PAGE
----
What We Do

Wildlife conservation is at the heart of the National Wildlife Refuge System. It drives everything on U.S. Fish and Wildlife Service lands and waters managed within the Refuge System, from the purposes for which a national wildlife refuge national wildlife refuge
A national wildlife refuge is typically a contiguous area of land and water managed by the U.S. Fish and Wildlife Service  for the conservation and, where appropriate, restoration of fish, wildlife and plant resources and their habitats for the benefit of present and future generations of Americans.

Learn more about national wildlife refuge
is established to the recreational activities offered to the resource management tools used.  Using conservation best practices, the Refuge System manages Service lands and waters to help ensure the survival of native wildlife species.

Management and Conservation

Refuges deploy a host of scientifically sound management tools to address biological challenges. These tools span active water management to wilderness character monitoring, all aimed at ensuring a balanced conservation approach to benefit both wildlife and people.  At this field station our conservation tool box includes: Planning - Comprehensive Conservation Plans, Habitat Restoration, Climate Resilience, Conservation Easements, Compatibility Determinations, Education and Outreach, Fire Management, Invasive Species Control, Inventory and Monitoring, Land Acquisition, Law Enforcement, Pesticide Management, and Wilderness Character Monitoring.

Habitat / Invasive Species Management

The refuge staff continues to work on an Adaptive Resource Management shrub restoration project that focuses on providing high quality habitat for migratory landbirds and New England Cottontail, ( a former a candidate species). This project involves four refuges (Rachel Carson, Great Meadows, Parker River, and Ninigret). Extensive planning was involved in developing the monitoring protocols for the vegetative community as well as the wildlife of interest. Long term vegetative plots will be established to monitor the composition and structure structure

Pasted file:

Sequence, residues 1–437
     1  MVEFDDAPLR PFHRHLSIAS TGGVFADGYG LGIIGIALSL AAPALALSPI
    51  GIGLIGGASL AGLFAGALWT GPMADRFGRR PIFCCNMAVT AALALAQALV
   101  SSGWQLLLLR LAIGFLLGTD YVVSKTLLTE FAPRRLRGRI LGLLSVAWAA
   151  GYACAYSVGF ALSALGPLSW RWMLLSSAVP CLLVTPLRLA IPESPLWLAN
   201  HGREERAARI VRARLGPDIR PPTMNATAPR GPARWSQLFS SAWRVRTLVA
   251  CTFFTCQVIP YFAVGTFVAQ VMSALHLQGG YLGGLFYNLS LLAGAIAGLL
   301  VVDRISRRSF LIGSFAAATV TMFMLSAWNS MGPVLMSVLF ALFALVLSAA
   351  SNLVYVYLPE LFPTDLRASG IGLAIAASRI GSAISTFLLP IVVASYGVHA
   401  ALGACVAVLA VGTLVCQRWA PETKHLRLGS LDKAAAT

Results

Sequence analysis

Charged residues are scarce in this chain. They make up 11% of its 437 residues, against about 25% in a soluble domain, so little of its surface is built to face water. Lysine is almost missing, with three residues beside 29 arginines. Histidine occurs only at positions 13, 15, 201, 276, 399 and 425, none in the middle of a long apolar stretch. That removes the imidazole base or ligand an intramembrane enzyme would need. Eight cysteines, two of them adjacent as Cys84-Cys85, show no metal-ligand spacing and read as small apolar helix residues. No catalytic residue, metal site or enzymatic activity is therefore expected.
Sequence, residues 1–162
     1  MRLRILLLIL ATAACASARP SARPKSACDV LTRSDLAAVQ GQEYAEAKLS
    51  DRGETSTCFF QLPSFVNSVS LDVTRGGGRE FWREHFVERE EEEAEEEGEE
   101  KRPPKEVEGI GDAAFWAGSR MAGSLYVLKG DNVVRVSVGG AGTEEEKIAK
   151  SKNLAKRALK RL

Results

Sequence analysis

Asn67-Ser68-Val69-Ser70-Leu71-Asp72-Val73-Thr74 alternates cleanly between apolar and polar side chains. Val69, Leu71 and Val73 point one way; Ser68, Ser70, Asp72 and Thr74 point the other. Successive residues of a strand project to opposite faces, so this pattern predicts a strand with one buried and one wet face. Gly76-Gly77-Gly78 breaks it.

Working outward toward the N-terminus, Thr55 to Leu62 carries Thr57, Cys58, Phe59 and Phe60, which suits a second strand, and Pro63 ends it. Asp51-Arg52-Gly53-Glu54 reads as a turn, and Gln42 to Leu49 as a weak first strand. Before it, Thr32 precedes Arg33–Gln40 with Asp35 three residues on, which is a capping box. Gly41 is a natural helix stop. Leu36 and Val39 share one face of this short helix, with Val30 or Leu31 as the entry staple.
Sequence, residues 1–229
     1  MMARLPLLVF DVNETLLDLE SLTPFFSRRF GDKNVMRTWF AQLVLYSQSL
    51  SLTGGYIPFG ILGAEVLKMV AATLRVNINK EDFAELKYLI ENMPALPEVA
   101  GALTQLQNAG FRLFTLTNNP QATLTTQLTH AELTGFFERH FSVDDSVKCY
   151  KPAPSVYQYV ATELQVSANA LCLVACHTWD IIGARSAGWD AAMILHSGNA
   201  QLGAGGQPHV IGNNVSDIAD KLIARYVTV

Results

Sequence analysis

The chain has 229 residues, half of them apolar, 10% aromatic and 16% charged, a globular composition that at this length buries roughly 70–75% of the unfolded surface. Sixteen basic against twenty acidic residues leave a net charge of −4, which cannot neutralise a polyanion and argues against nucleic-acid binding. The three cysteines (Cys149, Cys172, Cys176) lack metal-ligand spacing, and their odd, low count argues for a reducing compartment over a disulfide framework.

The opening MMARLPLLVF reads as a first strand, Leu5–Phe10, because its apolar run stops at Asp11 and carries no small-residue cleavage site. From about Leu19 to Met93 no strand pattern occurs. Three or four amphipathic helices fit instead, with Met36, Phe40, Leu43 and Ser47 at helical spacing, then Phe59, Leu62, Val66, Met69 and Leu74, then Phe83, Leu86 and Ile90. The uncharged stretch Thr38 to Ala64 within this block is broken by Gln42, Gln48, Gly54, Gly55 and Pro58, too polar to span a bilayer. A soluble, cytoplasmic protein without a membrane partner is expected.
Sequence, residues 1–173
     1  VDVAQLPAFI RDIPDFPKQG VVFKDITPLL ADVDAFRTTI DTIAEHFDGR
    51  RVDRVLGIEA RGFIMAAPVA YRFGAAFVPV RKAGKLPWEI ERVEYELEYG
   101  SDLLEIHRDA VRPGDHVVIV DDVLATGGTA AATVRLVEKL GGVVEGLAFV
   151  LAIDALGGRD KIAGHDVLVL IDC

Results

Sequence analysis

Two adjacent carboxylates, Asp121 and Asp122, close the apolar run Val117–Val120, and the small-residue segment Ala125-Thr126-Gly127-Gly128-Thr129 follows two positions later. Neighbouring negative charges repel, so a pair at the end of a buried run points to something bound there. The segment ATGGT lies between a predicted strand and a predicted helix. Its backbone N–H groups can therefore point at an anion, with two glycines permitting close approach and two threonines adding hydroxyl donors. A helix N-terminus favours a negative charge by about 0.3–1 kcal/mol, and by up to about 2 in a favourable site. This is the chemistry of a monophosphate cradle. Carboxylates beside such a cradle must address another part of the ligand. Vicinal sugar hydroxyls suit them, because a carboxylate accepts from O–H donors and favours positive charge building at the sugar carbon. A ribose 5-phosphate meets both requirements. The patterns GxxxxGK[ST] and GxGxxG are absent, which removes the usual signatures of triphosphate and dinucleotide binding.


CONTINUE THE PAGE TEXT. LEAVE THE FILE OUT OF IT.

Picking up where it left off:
Something temporarily or permanently constructed, built, or placed; and constructed of natural or manufactured parts including, but not limited to, a building, shed, cabin, porch, bridge, walkway, stair steps, sign, landing, platform, dock, rack, fence, telecommunication device, antennae, fish…

Learn more about structure
of the plant community.

Volunteers continue to monitor invasive plants encroaching on the old runways. This is primarily focused on Autumn Olive, Japanese honeysuckle, asian bittersweet, and black swallow-wort and is an important aspect of the restoration as native plants are colonizing and gaining the advantage.

Monitoring and Surveys – Resources of Concern

New England Cottontail

During the winter we will be collecting pellets for DNA testing at UNH as well as to support development of another potential technique being investigated at Patuxent. We hope to have a better idea of the distribution and abundance of this species on Ninigret where they were documented back in 2006. Using pellets for DNA analysis (as developed in the northern part of the range) has proved difficult in recent years when snowfall has been minimal, so if we continue to have difficulty collecting samples we will be looking to develop additional techniques for detecting and monitoring this species.

Migrant Landbirds

On September 1, 2008 we initiated a fall banding station at the Salt Ponds unit of Ninigret NWR to document the diversity and abundance of fall migrating landbirds. A total of 17 net lanes were constructed within a 20

acre portion of the refuge. Approximately 14 acres is dominated by mature shrub and 6 acres is regenerating runway comprised almost exclusively of northern Bayberry. We opened between 5 to13 nets 4-5 days per week through October 31, 2008. The number of open nets depended on the weather and capture rate. We banded a total of 1079 birds of 51 species.

 

Our Services

At this field station we offer the following public services: 

Support to buy Sandy Point Island passes, Sachuest Point Night-time Fishing Permits and Youth Hunt Permits at rhodeislandpermits.recaccess.com.

Please call 401.364.9124 if you have any questions while purchasing passes or permits.

Law Enforcement

Law Enforcement

 

Refuge law enforcement patrol the area during and after hours.

Refuge Office of Law Enforcement: 401-364-9124

Injured wildlife can be reported to the Wildlife Rehabilitators Association of Rhode Island at 401-294-6363.